Yoko Ono/Plastic Ono Band
‘We’re so impulsive, we never know what is going to happen within the next hour.’
Yoko Ono Plastic Ono Band
Produced by John & Yoko
Secretly Canadian Bonus Tracks
Yoko Ono/Plastic Ono Band has all the makings of a classic rock nostalgia trip: Ono, John Lennon, Ringo Starr, Klaus Voorman and free-jazz legend Ornette Coleman. All the pieces are here to stir up a dangerous amount of nostalgia. But once the needle drops, the record achieves something exactly perpendicular to nostalgia.
Released in 1970, the album not only influenced the approach of other musicians for decades, it also sounds absolutely modern 44 years out, eternally fresh despite the forward march of time. Yoko Ono/Plastic Ono Band not only predicted the intersection of the avant-garde and rock that would take place in the second half of that decade, the album would sound right at home at where that intersection is happening today.
Its closest contemporaries, White Light/White Heat and Bitches Brew, while innovative, today sound rooted in the time in which they were recorded. Maybe only Kraftwerk’s output from the same era also belongs in this all-too rare category of timelessness. Released as the mirror twin album to John Lennon/Plastic Ono Band, Ono’s record continues to inform and inspire in equal measure to its companion album.
As Yoko’s voice responds to and then overpowers the white-hot dissonant guitar squalls, the reaction will be nearly immediate — maybe not immediately smitten but always, always intrigued. ‘What is this music?’ might as well be ‘When is this music?’ Then, smugly inform these fledglings that this searing guitar is being played by John Lennon; probably smiling ear-to-ear, free and in love and performing this powerful forward music with the love of his life.
It’s a record dense with ideas and sonics; the personal and the political. But for such a monolithic, touchstone record, it’s also important to remember this music is supposed to be fun. It’s intended to make you feel endless possibility, to question the very walls around you. And if your Western ears have some trouble with the vocal phrasing, it’s okay to smile as you process. Smile the whole way through if you need to. It’s a bit simplistic to deem Ono’s mythic, pre-language vocal exercises as merely feral and free. The improvisations are a lesson in directness and control. Vocal chords don’t just compete with searing electric guitars and summon free jazz horns. It is a concentrated feat, indebted to traditional Japanese singing and Ono’s early operatic training.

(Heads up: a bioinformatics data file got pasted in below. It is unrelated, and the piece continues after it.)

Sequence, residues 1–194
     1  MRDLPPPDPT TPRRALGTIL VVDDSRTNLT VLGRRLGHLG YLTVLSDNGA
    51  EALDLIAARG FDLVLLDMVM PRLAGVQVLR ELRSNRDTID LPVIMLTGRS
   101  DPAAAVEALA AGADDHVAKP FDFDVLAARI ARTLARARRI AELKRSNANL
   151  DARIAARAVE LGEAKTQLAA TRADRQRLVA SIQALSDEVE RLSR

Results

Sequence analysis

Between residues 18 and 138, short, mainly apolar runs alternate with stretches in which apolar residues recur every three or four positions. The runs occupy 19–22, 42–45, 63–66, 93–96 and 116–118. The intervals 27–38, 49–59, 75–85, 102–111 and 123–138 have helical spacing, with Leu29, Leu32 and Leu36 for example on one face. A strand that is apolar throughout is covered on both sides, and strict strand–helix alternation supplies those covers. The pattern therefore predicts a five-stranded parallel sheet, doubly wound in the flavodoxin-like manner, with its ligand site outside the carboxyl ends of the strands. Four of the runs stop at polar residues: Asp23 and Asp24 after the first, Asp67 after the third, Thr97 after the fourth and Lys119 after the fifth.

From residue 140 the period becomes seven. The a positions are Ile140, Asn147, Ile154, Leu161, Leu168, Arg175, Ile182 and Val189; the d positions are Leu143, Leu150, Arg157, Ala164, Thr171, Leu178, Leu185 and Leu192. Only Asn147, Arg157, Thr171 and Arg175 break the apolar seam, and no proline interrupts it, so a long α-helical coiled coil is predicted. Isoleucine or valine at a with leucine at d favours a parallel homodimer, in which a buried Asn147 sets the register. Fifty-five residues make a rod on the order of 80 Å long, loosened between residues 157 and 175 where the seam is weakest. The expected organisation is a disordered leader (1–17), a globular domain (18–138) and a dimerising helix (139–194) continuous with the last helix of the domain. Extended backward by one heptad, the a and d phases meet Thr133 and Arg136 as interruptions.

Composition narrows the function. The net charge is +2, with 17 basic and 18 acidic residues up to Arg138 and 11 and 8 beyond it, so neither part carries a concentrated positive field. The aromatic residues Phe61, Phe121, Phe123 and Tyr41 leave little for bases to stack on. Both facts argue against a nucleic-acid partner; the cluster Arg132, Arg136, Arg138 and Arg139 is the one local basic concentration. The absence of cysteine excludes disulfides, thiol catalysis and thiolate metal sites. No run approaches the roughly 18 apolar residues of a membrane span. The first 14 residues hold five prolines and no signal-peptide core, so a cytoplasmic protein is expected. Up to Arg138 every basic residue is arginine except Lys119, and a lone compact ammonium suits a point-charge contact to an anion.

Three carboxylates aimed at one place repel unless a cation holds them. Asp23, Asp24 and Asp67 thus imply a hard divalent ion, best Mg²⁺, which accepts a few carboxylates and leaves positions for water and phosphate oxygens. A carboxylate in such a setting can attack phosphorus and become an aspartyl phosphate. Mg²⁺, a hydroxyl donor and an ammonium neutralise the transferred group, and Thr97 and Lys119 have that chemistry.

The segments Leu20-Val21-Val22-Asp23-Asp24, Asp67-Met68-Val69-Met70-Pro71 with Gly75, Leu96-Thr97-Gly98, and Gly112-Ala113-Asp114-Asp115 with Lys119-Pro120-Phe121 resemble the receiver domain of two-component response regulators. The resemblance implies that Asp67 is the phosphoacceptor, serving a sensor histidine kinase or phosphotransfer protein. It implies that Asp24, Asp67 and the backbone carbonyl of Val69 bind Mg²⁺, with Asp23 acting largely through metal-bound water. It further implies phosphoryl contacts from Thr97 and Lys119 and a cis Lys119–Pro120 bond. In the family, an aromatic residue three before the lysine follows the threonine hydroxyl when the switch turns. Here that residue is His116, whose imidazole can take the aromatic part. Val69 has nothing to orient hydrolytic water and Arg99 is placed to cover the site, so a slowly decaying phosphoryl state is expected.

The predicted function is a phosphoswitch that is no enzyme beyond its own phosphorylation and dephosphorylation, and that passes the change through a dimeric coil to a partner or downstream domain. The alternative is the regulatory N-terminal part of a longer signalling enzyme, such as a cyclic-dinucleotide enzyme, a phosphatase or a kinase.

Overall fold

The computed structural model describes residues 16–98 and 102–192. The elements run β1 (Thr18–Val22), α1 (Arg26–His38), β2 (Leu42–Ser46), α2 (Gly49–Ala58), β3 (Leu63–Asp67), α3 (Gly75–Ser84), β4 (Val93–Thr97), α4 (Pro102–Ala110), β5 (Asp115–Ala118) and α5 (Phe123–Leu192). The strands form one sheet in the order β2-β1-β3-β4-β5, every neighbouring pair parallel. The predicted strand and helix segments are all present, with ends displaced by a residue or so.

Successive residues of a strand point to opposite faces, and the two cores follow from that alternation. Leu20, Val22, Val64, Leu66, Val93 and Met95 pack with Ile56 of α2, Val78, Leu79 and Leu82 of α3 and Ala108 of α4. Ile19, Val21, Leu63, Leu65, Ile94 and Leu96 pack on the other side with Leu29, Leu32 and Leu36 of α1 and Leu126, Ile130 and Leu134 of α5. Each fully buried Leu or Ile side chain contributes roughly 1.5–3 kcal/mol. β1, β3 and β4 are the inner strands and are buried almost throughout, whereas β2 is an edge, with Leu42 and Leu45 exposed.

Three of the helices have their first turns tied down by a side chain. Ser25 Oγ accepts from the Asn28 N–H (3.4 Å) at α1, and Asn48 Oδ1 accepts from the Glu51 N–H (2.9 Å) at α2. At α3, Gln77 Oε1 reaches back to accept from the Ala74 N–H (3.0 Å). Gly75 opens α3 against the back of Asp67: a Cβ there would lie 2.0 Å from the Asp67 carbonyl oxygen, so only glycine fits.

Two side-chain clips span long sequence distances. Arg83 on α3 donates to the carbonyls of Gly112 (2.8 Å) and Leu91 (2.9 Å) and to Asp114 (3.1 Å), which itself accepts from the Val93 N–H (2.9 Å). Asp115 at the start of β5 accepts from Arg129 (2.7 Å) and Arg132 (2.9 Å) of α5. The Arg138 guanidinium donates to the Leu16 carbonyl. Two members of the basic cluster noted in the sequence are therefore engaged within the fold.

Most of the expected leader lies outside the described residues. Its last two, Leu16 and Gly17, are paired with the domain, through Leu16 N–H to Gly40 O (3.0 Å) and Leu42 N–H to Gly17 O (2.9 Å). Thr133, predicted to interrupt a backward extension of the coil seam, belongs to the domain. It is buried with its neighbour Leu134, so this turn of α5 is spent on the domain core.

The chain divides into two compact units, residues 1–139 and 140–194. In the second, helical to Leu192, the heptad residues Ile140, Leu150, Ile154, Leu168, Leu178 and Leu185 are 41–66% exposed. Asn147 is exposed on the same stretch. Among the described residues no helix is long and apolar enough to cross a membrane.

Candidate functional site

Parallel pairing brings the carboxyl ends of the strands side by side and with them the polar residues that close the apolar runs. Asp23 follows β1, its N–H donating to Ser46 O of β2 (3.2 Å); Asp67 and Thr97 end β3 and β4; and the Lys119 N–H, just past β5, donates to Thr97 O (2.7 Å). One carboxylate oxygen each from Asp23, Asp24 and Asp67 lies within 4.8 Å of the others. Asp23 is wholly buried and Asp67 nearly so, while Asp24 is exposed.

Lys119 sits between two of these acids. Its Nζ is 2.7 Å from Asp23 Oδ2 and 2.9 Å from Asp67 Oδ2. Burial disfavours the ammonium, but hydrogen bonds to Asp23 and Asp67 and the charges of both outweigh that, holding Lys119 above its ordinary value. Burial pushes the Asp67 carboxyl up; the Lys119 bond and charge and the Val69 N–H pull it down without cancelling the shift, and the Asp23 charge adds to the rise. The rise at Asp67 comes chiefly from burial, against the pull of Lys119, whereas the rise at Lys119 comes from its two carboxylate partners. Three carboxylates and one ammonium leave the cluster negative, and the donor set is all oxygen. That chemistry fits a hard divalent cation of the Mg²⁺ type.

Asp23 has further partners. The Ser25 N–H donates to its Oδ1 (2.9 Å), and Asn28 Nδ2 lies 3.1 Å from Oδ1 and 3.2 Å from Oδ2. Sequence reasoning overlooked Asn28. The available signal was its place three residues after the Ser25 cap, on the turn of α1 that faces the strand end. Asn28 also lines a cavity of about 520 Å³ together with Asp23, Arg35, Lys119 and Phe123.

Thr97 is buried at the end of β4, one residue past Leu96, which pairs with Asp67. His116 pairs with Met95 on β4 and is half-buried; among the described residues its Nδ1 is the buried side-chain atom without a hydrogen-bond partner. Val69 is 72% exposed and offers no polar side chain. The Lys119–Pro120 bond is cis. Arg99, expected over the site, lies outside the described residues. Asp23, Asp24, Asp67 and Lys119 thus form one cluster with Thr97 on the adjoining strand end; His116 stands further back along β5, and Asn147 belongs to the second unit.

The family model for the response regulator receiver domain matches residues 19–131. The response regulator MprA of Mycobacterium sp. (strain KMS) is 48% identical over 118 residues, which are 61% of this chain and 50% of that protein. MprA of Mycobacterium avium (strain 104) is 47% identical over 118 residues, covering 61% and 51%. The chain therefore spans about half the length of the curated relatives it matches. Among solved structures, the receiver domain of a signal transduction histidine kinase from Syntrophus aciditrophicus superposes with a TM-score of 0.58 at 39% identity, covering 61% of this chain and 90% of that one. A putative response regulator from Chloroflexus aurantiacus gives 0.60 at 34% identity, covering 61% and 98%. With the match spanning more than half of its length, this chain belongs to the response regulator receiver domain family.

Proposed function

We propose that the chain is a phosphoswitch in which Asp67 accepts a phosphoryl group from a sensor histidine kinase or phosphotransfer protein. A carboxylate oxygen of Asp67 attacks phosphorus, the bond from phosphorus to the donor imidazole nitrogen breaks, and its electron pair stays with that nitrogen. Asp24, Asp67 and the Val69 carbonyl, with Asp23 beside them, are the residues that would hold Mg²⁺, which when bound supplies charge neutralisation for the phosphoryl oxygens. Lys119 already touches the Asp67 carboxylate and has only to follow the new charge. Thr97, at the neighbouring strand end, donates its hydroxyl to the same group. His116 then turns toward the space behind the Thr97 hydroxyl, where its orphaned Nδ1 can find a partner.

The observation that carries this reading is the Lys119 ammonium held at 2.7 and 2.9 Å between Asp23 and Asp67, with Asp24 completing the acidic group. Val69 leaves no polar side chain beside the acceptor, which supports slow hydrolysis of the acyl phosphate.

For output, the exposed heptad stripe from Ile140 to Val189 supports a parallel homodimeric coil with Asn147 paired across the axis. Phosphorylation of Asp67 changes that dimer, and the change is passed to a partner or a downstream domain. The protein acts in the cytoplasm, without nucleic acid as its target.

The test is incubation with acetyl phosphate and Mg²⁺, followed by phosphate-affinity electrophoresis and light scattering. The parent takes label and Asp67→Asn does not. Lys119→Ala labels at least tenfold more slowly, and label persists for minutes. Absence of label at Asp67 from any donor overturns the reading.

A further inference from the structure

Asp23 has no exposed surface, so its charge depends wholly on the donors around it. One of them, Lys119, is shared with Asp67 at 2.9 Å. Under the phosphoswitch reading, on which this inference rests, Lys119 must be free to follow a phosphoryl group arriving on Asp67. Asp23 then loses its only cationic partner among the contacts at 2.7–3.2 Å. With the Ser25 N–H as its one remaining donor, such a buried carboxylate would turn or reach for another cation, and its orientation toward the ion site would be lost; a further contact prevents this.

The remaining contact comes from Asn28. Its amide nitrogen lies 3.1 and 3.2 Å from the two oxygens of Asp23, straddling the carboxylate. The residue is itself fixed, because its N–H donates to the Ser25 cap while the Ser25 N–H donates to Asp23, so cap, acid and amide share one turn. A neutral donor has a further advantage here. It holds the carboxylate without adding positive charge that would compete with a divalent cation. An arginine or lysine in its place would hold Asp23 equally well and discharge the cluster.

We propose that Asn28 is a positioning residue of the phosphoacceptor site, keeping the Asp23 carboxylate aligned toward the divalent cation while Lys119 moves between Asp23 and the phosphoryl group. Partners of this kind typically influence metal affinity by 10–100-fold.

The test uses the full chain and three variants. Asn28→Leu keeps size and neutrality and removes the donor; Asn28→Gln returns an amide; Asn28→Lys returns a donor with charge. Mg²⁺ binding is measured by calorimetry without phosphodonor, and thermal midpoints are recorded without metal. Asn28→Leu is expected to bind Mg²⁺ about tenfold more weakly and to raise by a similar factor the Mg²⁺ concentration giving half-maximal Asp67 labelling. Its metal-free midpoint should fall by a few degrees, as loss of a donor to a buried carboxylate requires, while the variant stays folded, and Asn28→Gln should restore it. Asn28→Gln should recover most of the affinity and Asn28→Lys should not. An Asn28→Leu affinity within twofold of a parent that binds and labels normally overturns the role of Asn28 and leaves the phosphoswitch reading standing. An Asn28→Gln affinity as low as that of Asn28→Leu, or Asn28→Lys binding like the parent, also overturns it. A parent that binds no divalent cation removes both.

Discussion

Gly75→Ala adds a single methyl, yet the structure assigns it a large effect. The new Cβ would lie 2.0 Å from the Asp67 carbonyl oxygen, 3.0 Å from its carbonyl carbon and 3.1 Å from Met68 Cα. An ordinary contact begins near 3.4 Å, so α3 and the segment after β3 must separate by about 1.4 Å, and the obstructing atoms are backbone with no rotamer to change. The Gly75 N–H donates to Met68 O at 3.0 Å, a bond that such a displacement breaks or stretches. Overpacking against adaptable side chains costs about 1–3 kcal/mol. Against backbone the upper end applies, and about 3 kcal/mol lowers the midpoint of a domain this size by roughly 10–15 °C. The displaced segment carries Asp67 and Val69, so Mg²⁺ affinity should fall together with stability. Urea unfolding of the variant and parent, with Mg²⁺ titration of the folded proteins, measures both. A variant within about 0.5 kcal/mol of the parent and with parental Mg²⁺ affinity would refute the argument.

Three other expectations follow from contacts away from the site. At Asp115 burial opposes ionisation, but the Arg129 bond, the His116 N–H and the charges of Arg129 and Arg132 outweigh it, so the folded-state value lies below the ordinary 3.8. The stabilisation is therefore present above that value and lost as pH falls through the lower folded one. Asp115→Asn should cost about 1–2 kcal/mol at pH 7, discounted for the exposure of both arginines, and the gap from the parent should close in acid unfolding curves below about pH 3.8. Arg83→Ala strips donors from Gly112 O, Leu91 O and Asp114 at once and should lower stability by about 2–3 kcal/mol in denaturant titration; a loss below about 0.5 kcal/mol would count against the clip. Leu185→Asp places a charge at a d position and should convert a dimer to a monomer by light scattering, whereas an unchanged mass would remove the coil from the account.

Over a decade before the release of Yoko Ono/Plastic Ono Band, Ono created New York City’s downtown loft scene. That is to say her loft was the downtown loft scene at its inception. She played Carnegie Recital Hall twice in the 60s, performing experimental pieces long before her name was ever spoken in the same breath as The Beatles. When she crossed the pond to begin the work that would become Plastic Ono Band, it garnered just as many concerns from her contemporaries in the loft scene and Fluxus movement as it did fans of The Beatles.
Following three experimental records with John Lennon and a Live in Toronto record, Yoko Ono/Plastic Ono Band stands as the bold first statement from the newly christened project. It’s contemporaries are few: The Velvet Underground’s feedback-laced motorik; Sonny and Linda Sharrock’s Black Woman; The Stooges’ Funhouse; Silver Apples. The electronic and collage experiments of previous Yoko & John records come full-blossom here. It forecasts fidgety, unhinged punk a few moments before it predicts post-punk, new wave and then no wave. Then, it goes on to hint at the pop-experiments of Animal Collective in the cut-and-paste of a George Harrison sitar escapade and Ringo Starr drum take on ‘Greenfield Morning I Pushed An Empty Baby Carriage All Over the City’, or the sampled train build up of ‘Paper Shoes’. And it would all sound fresh today at any experimental festival anywhere in the world.
Yoko Ono was born in Tokyo in 1933. Throughout her childhood, she and her family moved to New York City and back to Japan, eventually settling in Scarsdale, NY. She enrolled in Sarah Lawrence College in 1952, and during her time there cultivated her interest in the avant-garde, and ingrained herself with New York City artists, writers and experimentalists. Her art career, similarly as influential as her musical career, took form before the Fluxus movement began, having a strong influence on it, interacting with George Maciunas, LaMonte Young, Richard Maxfield, Nam June Paik, as well as John Cage, Marcel Duchamp, and others, Ono was at the forefront of Conceptualism.
Ono married John Lennon in 1969, sparking a period of unparalleled production including 4 studio albums in 4 years, a book, 12 films, and the beginning of a steady stream of landmark cultural events and turning points, such as the Bed-In for Peace. Ono’s seemingly simple, high-concept art weaves the personal and political into clean, transcendent statements. Only her activism and philanthropy match her legendary artistic output.